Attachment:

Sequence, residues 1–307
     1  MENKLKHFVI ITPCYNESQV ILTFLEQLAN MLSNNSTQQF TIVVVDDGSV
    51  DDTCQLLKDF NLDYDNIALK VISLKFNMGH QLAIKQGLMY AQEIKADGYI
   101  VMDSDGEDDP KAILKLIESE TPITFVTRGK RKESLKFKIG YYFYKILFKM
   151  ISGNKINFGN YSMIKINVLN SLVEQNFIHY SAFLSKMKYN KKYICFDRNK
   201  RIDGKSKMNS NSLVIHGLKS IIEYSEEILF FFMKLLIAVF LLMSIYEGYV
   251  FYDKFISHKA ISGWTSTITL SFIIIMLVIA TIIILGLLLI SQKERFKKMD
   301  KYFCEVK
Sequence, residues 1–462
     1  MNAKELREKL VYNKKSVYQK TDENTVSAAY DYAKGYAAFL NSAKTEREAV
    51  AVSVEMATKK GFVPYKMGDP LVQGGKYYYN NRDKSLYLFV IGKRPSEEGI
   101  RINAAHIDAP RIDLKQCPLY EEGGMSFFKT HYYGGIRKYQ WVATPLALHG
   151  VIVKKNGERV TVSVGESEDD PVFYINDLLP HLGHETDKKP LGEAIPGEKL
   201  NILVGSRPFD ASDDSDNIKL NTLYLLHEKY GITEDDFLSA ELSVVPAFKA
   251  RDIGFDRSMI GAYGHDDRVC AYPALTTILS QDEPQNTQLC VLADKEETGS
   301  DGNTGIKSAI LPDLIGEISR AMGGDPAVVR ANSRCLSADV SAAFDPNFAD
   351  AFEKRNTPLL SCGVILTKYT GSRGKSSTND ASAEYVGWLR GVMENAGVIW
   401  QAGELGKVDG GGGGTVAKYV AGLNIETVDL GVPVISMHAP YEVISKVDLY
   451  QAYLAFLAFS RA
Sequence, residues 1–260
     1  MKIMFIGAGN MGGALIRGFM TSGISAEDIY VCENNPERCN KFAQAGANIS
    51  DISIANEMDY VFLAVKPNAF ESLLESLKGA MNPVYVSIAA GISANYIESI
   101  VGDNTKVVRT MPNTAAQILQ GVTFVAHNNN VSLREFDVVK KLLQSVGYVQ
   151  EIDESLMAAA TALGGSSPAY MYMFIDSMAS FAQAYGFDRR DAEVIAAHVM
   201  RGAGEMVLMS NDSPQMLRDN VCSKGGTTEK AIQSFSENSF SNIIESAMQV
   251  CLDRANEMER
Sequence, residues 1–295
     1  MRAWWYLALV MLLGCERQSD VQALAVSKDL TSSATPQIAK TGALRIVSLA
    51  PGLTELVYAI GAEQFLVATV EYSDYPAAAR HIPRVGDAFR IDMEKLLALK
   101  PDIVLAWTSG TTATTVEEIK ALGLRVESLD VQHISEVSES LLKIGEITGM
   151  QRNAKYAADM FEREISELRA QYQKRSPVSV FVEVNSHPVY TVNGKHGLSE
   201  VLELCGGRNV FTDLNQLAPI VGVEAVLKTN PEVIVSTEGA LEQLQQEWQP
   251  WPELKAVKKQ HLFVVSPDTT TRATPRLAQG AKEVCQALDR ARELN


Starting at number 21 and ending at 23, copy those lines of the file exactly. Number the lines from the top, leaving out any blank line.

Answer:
     1  MKIMFIGAGN MGGALIRGFM TSGISAEDIY VCENNPERCN KFAQAGANIS
    51  DISIANEMDY VFLAVKPNAF ESLLESLKGA MNPVYVSIAA GISANYIESI
   101  VGDNTKVVRT MPNTAAQILQ GVTFVAHNNN VSLREFDVVK KLLQSVGYVQ